According to CDC Director-General Steve Kuo, the H1N1 situation has been moderating over the past five weeks since the previous peak but a slight jump in the number of patients diagnosed with the new flu strain recently signals the beginning of the second wave.

Statistics released Wednesday by the Central Epidemic Command Center (CECC) show that there was one more patient hospitalized with the H1N1 flu strain than a day earlier, bringing to 355 the total number of such cases since the outbreak began.
While 16 of the patients remained in the hospital, 315 had recovered and been discharged, and 24 others had died, the CECC said.

Meanwhile, 442 classes in 294 schools around the country remained suspended because of H1N1 infections among students. The number of affected classes accounted for 0.29 percent of the total, according to the CECC.

Although epidemiologists have predicted that the second peak would appear in November, Department of Health (DOH) Minister Yaung Chih-liang said it is hard to predict when the peak will be and that the DOH will continue to monitor the situation closely.

To help the public prepare for the epidemic, the DOH will distribute 5 million masks in inventory to 100,000 low-income families beginning Nov. 1, Yaung said.

Also, the CECC is expected to make public details regarding its H1N1 vaccination program on Oct. 20, when the results of human clinical trials for the H1N1 vaccine produced by local vaccine manufacturer Adimmune Corp. are expected to be released, DOH Deputy Minister Chang Shen-chwen said.

While people under 10 years of age will probably have to receive two shots, those aged 10 years and older will likely need only one to be protected against the disease, Chang said.

The number of schools in Japan closed because of the swine flu pandemic nearly doubled by Oct. 10 from a week earlier, according to figures from the Ministry of Health, Labor and Welfare.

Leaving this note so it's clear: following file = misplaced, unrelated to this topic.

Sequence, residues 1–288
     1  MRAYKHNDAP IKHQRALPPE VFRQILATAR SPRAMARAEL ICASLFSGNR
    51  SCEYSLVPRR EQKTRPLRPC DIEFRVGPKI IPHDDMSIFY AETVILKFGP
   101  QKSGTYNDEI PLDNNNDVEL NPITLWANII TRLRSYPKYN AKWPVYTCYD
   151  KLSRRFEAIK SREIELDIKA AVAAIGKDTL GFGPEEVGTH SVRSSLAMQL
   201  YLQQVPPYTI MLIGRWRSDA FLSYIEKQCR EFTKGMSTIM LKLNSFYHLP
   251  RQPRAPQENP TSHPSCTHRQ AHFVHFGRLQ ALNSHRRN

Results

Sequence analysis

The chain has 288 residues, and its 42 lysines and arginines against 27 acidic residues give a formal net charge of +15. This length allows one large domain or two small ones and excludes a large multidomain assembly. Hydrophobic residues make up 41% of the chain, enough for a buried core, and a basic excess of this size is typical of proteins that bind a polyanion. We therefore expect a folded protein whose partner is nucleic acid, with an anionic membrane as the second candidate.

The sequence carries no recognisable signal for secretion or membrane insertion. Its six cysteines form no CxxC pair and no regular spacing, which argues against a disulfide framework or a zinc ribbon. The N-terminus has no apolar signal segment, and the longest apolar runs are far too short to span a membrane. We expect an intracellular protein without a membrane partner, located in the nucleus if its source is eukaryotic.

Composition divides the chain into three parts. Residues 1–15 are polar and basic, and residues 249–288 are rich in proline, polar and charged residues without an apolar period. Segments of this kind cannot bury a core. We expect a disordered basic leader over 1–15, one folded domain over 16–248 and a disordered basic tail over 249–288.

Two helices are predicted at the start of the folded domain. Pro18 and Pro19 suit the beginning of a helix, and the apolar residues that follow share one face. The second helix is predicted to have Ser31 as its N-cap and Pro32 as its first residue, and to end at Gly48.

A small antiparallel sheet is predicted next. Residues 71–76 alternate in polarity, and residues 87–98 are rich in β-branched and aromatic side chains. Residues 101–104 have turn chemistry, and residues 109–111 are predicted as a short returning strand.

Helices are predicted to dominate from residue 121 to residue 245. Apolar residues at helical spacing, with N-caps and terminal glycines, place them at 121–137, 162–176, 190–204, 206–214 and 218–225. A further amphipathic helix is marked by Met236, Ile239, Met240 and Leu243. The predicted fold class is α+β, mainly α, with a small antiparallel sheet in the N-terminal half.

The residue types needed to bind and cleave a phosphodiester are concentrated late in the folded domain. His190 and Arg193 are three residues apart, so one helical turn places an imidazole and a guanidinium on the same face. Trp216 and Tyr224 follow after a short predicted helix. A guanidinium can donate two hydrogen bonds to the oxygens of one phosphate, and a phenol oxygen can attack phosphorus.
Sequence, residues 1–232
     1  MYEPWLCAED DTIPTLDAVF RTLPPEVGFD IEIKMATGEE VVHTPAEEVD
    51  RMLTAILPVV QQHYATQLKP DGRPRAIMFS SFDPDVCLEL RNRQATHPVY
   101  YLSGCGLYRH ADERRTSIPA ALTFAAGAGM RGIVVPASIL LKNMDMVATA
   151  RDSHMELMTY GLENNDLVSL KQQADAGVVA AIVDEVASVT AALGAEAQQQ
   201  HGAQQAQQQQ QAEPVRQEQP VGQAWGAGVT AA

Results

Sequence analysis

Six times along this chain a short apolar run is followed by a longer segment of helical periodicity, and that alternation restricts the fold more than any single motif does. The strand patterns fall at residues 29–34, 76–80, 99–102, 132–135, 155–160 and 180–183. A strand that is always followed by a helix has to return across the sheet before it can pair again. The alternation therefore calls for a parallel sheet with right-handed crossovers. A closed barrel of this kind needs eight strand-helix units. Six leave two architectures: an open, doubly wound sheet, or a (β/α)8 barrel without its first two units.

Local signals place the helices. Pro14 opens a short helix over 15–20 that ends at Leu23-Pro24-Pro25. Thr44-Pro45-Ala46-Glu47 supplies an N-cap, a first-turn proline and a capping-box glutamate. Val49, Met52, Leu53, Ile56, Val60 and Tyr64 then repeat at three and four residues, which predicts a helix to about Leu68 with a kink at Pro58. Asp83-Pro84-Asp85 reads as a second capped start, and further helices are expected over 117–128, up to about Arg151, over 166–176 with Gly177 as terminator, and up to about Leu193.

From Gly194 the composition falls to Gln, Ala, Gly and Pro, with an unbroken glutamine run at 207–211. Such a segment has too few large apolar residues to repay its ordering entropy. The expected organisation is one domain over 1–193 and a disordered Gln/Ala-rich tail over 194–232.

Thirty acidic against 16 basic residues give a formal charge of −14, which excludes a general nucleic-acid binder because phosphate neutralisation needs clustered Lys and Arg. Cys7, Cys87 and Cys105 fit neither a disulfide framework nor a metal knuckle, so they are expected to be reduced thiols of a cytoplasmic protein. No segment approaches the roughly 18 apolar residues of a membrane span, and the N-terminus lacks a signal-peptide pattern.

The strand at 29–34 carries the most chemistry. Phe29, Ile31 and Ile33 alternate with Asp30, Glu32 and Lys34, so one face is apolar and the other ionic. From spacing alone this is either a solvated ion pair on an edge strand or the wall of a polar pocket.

School Closures At The Highest Due To Influenza A(H1N1) In Japan

Almost 6,480 schools, kindergartens and day-care centers were fully or partially closed because of the influenza outbreak, the report said. Tokyo had the highest number, with 752 schools affected last week. Japan had 52,956 schools and kindergartens in May this year, according to the Education Ministry.

School closures are at the highest since January 2000 when 4,131 schools were closed, said Takeshi Enami, Deputy Director of the division of infectious diseases at the Ministry of Health, Labor and Welfare.

There were 3,403 educational centers closed between Sept. 27 and Oct. 3, according to another report from the ministry.

More than 15,000 cases of swine flu have been confirmed in Japan, according to the Infectious Disease Surveillance Center. There were 24 deaths as of Oct. 14, according to the health ministry Web site. Of those, six were under the age of 20.

Many schools are closed in Japan during the flu season, the ministry said on its web site. Schools may be required to close if they are in an infected area, even if no students or staff develop flu symptoms, according to the ministry.


The WHO, which declared H1N1 a global pandemic in June, says a third of the world`s population of nearly 7 billion people could catch it.